Terrorism as a Global Wave Phenomenon
This is an advance summary of a forthcoming article in the Oxford Research Encyclopedia of Politics. Please check back later for the full article.
Non-state terrorism has been an intermittent activity for 2000 years at least, but the global form emerged in the late 19th century. The ideals of the French Revolution provided the political context for the new form. Demonstrations for nationalist (largely separatist) aims produced a series of uprisings throughout Europe in 1820, 1830, 1848, etc. No passports were necessary, and many individuals from foreign states joined those insurrections intensifying their international character and creating the “professional revolutionary.” Radicals, stimulated by the perfect world visions associated with the French Revolution, became significant; after the Paris Commune disaster of 1871, they felt another insurrection mode was necessary—small groups employing terrorism, a change made possible by important technological innovations. Dynamite made bombs more powerful, much less dangerous to potential users, cheaper, more accessible, and easier to transport. The dynamite bomb has been used in 40–50% of terrorist attacks ever since. The telegraph enabled one to transmit messages quickly over enormous distances, and events abroad were featured in mass daily newspapers elsewhere. Transcontinental railroad and steamships enabled many to travel, easily making diasporas useful as the 20th century began and terrorism appeared on six continents.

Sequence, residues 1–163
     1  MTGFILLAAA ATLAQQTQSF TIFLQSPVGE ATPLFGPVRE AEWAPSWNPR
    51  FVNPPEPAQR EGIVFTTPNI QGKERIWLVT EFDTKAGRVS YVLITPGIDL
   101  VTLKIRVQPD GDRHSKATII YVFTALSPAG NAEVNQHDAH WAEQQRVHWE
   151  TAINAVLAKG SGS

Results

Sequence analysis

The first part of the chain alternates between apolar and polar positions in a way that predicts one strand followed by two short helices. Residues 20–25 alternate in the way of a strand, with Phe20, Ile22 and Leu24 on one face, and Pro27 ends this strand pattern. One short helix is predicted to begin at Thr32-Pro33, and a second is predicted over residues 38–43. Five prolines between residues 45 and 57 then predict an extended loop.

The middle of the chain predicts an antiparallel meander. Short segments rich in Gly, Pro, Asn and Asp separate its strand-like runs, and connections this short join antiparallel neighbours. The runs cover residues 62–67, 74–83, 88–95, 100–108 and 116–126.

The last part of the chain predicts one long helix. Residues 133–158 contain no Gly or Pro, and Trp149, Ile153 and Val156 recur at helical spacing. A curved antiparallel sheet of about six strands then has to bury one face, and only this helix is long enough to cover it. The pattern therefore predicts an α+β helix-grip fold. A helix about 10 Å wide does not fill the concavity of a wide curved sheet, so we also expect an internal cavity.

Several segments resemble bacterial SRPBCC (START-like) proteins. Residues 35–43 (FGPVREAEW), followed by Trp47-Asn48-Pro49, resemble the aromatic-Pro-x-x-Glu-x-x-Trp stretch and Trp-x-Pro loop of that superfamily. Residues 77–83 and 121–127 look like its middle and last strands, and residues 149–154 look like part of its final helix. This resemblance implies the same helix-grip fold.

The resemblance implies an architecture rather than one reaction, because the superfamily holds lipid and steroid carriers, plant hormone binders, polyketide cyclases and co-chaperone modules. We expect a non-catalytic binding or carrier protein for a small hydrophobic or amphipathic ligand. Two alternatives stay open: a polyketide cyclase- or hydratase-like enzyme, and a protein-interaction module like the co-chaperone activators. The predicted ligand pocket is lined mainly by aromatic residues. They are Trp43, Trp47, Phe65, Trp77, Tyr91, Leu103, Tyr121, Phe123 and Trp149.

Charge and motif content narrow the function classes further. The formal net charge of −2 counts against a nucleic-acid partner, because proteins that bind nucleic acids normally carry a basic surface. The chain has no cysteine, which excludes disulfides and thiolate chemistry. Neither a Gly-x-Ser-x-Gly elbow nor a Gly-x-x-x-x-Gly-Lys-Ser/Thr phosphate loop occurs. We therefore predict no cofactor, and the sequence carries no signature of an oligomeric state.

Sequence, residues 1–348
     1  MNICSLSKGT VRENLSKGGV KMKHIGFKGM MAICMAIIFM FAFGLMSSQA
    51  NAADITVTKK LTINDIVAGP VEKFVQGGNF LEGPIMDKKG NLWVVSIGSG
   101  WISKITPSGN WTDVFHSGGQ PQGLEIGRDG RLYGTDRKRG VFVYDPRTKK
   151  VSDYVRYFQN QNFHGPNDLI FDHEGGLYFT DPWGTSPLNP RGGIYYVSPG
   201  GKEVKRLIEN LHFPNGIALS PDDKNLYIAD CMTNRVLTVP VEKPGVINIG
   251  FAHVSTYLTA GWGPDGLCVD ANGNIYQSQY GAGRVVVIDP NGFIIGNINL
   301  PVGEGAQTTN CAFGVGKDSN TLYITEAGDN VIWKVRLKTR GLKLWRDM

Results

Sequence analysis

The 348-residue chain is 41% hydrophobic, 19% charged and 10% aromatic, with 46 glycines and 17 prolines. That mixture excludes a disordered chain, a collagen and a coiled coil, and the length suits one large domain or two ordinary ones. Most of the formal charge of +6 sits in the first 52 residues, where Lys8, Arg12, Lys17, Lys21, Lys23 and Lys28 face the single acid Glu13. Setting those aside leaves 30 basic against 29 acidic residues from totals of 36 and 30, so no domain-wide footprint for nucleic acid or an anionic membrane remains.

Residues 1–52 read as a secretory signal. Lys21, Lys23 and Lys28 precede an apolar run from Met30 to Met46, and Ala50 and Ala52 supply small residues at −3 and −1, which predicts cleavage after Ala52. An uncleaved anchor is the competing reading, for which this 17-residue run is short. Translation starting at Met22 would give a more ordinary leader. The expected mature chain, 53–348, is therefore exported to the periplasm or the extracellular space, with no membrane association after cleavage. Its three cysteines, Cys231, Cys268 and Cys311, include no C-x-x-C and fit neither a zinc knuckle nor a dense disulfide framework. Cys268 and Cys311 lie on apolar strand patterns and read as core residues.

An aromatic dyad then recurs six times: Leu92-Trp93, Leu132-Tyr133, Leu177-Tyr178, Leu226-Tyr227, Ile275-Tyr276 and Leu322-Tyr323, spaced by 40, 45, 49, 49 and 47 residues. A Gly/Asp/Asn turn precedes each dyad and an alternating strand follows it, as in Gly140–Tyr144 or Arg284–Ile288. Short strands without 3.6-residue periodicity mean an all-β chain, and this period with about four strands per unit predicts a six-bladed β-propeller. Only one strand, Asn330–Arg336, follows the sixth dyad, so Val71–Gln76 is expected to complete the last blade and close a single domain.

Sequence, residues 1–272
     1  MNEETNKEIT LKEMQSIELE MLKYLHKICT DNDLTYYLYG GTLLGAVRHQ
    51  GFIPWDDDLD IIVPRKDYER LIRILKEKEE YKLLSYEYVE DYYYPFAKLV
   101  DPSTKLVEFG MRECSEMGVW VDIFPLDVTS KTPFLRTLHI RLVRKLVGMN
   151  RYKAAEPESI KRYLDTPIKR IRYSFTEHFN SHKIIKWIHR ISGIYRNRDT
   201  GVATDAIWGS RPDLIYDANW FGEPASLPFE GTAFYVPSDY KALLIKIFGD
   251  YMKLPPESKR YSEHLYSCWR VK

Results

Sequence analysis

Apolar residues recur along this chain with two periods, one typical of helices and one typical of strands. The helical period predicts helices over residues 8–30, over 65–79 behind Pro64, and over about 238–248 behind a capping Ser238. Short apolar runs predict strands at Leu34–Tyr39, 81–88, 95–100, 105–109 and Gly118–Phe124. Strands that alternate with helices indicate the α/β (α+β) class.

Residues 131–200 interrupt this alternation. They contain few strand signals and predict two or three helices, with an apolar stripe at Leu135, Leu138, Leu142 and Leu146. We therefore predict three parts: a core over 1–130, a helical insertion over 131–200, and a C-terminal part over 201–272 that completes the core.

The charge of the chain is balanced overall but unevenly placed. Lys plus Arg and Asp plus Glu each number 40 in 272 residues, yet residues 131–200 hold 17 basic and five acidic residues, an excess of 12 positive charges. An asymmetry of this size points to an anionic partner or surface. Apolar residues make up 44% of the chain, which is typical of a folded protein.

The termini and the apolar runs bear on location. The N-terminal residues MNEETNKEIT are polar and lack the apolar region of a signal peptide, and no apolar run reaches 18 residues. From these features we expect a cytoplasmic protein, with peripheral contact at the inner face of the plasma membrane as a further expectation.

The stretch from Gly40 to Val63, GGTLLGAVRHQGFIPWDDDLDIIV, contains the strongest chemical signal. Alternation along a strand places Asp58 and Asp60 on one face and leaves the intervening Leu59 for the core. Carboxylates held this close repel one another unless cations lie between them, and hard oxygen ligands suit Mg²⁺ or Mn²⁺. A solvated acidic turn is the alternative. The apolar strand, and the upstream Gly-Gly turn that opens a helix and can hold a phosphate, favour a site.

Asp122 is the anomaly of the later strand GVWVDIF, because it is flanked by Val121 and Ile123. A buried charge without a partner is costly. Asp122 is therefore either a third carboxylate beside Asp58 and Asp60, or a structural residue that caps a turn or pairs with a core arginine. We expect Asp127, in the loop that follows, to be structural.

Terrorist activity has taken the form of waves that have succeeded each other. We have experienced four; three, anarchist, anti-colonial, and new left, have been completed. Each lasted 40 years, or a generation. The religious wave, the first with an anti-French Revolution purpose, is in its third decade. A wave consists of groups attempting a revolution in a single state and/or a dramatic reconstruction of the principle of legitimacy cementing the existing global system. Individual groups, the major focus of governments and analysts, have much shorter lives than their wave and are frequently replaced by others with similar purposes. Groups in a wave share some similar purposes and often interact. Each wave produced texts explaining its distinctive tactics; assassination, elimination of police forces, hostage taking and airline hijacking, and suicide bombing, which has produced more casualties than ever before. Dramatic political events stimulate each wave, transforming the international scene and providing hope to a new generation that successful revolutions are possible, a hope that diminishes over time—or in the case of the anti-colonial wave, became successful. Tocqueville argued that one could not adequately explain the historic dynamics in democracies without the concept of generation; eminent analysts have emphasized its importance; and Arthur Schlesinger Jr.’ s impressive work, The Cycles of American History (1986), was the first to use it systematically. But academics did not understand terrorism as a generation or wave phenomena. Before re-emerging in the 1960s, terrorism was considered a subject for historians. Government inability to understand the wave connection has been costly. When the Cold War ended, the United States eliminated offices concerned with terrorism and stopped funding terrorist research. The 1999 CroweCommission Report Confronting Terrorist Threats examined attacks on embassies and criticized the government for greatly reducing intelligence resources. The 9/11 Commission Report found that the same indifference made the 9/11 strike easier.